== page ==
Increase in new entrants to crofting welcomed

Croft on the isle of Skye - pic by kodachrome25 via canva
Alan Robertson

Figures released this week by the Crofting Commission show a significant increase in new entrants to crofting; with over 500 joining the sector in the year to March 2023.

This marks a five-year high and highlights the growing interest in this unique land tenure system, particularly among younger generations with new entrants span all crofting counties across Scotland.

Key findings:

  • 510 new entrants to crofting in 2022/23.
  • 45% of new entrants are women.
  • 29% of new entrants are aged under 41.

Minister for Energy and the Environment, Gillian Martin MSP, praised the latest figures from the Crofting Commission, commenting:

“I am delighted to see, yet again, that the Crofting Commission is reporting a healthy number of new entrants into crofting. Attracting and providing opportunities for new crofters is critical to its future. It is pleasing to note that 46% of new entrants are women and 29% are aged under 41.” 

“It is encouraging to see such a healthy number of new people embracing crofting. This is testament to the vibrancy and potential of this sector, and I am particularly pleased to see more women and young people getting involved. The Scottish Government is committed to supporting crofting and its role in rural communities. We will continue to work closely with the Crofting Commission to create opportunities for new entrants.”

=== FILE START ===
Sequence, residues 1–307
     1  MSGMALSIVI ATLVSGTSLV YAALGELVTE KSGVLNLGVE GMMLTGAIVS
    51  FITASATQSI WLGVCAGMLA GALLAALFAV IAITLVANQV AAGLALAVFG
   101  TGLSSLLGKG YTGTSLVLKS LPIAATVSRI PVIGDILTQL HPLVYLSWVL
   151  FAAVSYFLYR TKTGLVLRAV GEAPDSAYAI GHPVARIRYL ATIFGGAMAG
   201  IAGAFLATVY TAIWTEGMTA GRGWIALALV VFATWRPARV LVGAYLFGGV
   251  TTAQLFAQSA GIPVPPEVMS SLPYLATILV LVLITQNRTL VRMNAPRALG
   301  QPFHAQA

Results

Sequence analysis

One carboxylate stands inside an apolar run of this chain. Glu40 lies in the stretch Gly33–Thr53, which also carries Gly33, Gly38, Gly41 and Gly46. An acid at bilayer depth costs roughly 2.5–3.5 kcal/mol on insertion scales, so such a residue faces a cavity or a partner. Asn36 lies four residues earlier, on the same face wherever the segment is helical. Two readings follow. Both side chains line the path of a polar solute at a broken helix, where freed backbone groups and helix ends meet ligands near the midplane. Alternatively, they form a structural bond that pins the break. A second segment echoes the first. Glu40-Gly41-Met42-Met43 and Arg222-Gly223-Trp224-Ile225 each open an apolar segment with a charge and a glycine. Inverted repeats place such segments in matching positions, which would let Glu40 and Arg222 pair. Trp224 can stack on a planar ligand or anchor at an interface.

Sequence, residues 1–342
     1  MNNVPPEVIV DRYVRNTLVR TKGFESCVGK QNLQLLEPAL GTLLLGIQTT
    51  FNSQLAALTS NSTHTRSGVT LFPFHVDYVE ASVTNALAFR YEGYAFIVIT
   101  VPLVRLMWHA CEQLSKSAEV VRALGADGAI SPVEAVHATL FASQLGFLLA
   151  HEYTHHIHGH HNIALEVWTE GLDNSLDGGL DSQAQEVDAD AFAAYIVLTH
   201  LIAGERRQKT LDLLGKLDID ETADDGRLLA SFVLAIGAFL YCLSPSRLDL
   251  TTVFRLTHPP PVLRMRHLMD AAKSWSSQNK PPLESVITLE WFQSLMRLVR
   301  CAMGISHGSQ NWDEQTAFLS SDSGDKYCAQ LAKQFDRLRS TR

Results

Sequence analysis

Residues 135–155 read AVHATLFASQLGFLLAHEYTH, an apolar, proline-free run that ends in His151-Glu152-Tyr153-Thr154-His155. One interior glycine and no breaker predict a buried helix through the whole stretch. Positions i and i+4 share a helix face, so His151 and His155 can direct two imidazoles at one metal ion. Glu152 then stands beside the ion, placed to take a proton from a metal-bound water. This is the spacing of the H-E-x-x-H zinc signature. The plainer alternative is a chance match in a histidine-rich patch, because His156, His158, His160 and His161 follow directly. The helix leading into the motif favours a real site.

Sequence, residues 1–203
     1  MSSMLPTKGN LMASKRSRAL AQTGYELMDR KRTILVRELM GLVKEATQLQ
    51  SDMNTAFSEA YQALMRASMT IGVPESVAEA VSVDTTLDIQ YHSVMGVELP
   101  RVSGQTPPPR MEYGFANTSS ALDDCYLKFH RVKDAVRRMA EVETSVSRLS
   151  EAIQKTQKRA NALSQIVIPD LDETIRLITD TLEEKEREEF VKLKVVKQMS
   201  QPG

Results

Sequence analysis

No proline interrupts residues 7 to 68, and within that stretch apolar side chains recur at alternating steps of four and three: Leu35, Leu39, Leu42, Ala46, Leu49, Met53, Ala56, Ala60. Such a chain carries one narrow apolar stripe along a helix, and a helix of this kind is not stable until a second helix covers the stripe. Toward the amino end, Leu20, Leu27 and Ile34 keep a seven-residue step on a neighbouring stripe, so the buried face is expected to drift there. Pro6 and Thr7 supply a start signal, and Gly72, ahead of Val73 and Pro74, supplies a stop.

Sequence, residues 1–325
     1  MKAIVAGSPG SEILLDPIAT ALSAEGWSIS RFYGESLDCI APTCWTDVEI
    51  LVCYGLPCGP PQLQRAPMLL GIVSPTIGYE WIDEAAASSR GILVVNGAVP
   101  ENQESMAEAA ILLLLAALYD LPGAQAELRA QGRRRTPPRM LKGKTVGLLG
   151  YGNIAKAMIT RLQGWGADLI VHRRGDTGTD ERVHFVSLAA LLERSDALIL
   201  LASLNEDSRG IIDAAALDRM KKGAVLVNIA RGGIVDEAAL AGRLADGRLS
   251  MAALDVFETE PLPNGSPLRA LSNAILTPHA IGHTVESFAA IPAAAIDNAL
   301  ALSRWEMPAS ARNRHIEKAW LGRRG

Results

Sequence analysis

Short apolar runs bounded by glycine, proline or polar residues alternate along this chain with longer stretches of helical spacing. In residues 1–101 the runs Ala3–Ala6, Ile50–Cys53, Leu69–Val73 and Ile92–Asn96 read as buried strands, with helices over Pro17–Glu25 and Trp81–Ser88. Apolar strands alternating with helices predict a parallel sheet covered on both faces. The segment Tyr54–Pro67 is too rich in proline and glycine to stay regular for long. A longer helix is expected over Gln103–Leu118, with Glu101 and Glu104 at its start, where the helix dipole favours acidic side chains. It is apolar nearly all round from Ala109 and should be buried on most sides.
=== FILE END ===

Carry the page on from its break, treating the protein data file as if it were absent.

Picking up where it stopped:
Malcolm Matheson, Convenor of the Crofting Commission, added:

“These figures are not just encouraging, they represent a shot in the arm for rural communities facing depopulation challenges. It’s clear that crofting continues to offer exciting opportunities for people seeking a rewarding and sustainable lifestyle.”

The Crofting Commission regulates over 21,000 crofts across Scotland, supporting new entrants and oversees the creation of new crofts, including recent woodland crofts on the Isle of Mull.

Ms Martin concluded:

“I look forward to visiting new crofters and witnessing firsthand how crofting contributes to the economic and social fabric of the Highlands and Islands.”

The commission advises anyone interested in being a crofter should first contact the Scottish land matching service, an independent body that offers those looking to become farmers, small- holders or crofters an opportunity to formally register their interest.

The 2023 Crofting Census is currently open. This mechanism is essential in shaping the future of crofting. Submit response online before 8th April here